Mahavira said to Upali that the king knew the famous and rich Upali to be the disciple of Mahavira, and asked him to confirm who he follows now. Upali sang proses in praise of the Buddha and said he has become the Buddha's disciple now.

The sutta ends like this:

“But when did you compose these praises of the ascetic Gotama’s beautiful qualities, householder?” “Sir, suppose there was a large heap of many different flowers. An expert garland-maker or their apprentice could tie them into a colorful garland. In the same way, the Buddha has many beautiful qualities to praise, many hundreds of such qualities. Who, sir, would not praise the praiseworthy?” Then, unable to bear this honor paid to the Buddha, Nigaṇṭha Nātaputta spewed hot blood from his mouth there and then.

In the Buddhist scriptures there are references to the Buddha or one of his disciples meeting and debating with Jains. In virtually every instance the Buddha or one of his disciples wins the debate and the Jain converts to Buddhism. A less than favorable light is also portrayed to the founder of Jainism, Mahavira. When we compare the vast amount of similarities between the Buddha and Mahavira and Buddhism and Jainism, it is possible that the differences were even less in early Buddhism. A more drastic change may have occurred when Buddhism placed less emphasis on ahimsa as can be seen in Buddhist writings that tend to justify and allow meat eating, for example. It is possible that the early Buddhists were more insistent on vegetarianism as additionally evidenced by King Ashoka who wanted to gradually phase out the killing of animals for food. King Ashoka ruled and lived before the Pali Canon was put to writing. There are marked differences in the definitions of kamma and nibbana (karma and nirvana) and the Buddha was practicing asceticism prior to enlightenment. In light of these facts it is possible that both Mahavira and Buddha were practicing some form of Jainism/Shramana/asceticism and the Buddha got it right (and was the actual new enlightened one to teach the masses, not Mahavira) in regard to nibbana and kamma but both were insistent on ahimsa and many other teachings. https://dhammawiki.com/index.php?title=Buddhism_and_Jainism#Alara_Kalama_and_Udakka_Ramaputa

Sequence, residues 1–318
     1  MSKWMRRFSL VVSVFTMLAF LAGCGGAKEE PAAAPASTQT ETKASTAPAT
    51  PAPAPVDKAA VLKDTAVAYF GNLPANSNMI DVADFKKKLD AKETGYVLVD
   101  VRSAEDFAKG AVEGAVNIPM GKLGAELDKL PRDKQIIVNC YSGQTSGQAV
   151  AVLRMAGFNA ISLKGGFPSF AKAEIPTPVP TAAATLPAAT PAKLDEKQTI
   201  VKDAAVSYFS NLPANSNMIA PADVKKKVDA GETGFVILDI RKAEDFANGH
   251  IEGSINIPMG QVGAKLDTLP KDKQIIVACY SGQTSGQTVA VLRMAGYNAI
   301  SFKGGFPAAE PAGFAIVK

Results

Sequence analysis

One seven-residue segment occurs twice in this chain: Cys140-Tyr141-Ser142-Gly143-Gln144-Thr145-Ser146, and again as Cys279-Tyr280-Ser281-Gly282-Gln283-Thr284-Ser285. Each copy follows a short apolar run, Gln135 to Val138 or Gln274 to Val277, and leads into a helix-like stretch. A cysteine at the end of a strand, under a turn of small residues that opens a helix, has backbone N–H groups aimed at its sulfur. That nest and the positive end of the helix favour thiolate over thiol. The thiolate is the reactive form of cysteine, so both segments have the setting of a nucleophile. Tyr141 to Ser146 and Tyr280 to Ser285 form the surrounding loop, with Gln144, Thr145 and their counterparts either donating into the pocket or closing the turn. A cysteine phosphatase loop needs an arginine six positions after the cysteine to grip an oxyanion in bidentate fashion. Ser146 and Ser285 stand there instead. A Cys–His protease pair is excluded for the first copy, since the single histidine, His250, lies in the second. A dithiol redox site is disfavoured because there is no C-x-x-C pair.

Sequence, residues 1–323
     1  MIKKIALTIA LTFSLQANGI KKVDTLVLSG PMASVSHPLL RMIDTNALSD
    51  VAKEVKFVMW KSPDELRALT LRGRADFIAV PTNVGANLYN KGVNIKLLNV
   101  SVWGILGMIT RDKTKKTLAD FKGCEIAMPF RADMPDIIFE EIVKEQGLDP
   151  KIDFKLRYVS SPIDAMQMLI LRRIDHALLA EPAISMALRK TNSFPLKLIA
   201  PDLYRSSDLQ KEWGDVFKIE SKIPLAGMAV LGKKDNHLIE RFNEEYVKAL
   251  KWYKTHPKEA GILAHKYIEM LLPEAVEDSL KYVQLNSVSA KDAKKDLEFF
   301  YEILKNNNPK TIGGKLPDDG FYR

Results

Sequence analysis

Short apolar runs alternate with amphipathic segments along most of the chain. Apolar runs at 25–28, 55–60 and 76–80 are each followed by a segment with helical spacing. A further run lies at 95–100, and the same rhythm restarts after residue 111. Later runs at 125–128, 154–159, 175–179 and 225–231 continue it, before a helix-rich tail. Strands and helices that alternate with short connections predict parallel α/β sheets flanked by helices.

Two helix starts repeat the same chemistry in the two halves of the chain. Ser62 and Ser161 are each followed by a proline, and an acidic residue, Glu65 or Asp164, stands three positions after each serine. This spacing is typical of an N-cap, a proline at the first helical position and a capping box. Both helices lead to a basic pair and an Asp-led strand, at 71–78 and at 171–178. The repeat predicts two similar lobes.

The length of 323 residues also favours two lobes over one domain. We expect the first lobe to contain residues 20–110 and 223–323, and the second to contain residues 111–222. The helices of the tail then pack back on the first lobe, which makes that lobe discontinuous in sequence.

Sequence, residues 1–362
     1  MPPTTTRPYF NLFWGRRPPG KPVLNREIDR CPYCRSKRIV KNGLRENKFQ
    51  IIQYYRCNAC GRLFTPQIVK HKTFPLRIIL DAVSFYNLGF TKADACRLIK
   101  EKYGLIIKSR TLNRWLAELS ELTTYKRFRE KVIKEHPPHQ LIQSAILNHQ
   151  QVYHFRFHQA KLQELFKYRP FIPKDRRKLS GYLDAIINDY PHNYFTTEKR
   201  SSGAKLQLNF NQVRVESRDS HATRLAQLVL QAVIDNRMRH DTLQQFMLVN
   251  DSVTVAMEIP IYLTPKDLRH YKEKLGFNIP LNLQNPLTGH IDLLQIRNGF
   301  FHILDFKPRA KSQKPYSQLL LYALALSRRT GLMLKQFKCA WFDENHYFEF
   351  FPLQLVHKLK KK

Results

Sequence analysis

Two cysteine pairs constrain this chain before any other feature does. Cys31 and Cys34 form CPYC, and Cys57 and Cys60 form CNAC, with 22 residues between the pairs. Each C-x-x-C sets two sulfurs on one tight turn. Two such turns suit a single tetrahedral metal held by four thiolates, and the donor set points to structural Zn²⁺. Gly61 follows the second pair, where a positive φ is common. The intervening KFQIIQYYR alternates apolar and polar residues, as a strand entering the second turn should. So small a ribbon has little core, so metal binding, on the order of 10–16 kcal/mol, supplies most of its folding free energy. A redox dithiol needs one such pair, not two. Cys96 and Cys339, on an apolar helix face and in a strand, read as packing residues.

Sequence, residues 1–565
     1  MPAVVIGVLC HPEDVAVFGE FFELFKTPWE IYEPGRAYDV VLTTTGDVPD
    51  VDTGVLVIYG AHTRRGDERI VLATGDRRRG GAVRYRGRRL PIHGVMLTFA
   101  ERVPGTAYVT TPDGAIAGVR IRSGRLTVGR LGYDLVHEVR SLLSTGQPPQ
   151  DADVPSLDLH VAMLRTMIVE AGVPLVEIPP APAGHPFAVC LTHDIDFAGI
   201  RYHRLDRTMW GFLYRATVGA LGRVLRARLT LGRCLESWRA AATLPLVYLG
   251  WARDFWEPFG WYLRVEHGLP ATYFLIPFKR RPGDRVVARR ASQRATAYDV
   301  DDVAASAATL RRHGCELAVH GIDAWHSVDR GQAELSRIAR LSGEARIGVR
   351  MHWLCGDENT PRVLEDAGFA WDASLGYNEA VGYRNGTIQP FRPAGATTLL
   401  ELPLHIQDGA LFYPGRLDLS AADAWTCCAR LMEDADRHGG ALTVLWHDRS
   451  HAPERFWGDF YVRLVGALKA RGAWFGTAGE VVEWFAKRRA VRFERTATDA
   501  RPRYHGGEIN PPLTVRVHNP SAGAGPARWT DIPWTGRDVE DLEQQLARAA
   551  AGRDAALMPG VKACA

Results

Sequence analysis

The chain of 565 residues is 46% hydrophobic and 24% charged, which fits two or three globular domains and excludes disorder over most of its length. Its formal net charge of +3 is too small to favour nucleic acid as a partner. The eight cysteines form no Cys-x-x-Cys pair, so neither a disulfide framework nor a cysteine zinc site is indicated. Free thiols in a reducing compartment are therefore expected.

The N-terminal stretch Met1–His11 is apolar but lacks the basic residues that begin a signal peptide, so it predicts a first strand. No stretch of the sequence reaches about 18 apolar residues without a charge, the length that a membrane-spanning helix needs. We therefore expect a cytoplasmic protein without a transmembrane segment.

• +1. But I'd also like to mention that in the Jain scriptures, things are the other way around - Jain ascetics beating the Buddhists in debate, including a nun who beat Sariputta and many other senior monks. – Gotamist Oct 5 '17 at 14:31
  • Sariputta is only second to Buddha in Dhamma Knowledge. The Jain scripture could be false – TheDBSGuy Nov 5 at 20:46
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    +1 The two have so much in common it seems petty to see them as competitors. In most respects they seem to have been in agreement. . – PeterJ Nov 7 at 12:04

It appears that Mahavira was a slightly older generation, not quite contemporary.

Wikipedia says,

It is believed that Mahavira was born in early part of the 6th-century BC ... He preached for 30 years, and is believed by Jains to have died in the 6th-century BC. Outside the Jain tradition, scholars such as Karl Potter consider his biographical details as uncertain,[1] with some suggesting he lived in the 5th-century BC contemporaneously with the Buddha.

Other answers on this site suggest that Jainism was already established when the Buddha was teaching, for example,

Well, Buddhism separated itself out as a separate system of thought with the Buddha himself. Jainism must have been a distinct tradition by that time too because the Buddha interacted with the Jains and they are mentioned in the Suttas where they are called the Niganthas.

... and for example,

The Jains were already established and flourishing when the Buddha came on to the scene. There are many places in the suttas where the Buddha debates with Jains and discusses their teachings.

The Samaññaphala Sutta

“Nigantha Nataputta answered with fourfold restraint. Just as if a person, when asked about a mango, were to answer with a breadfruit; or, when asked about a breadfruit, were to answer with a mango: In the same way, when asked about a fruit of the contemplative life, visible here and now, Nigantha Nataputta answered with fourfold restraint. The thought occurred to me: 'How can anyone like me think of disparaging a brahman or contemplative living in his realm?' Yet I [Buddha] neither delighted in Nigantha Nataputta's words nor did I protest against them. Neither delighting nor protesting, I was dissatisfied. Without expressing dissatisfaction, without accepting his teaching, without adopting it, I got up from my seat and left."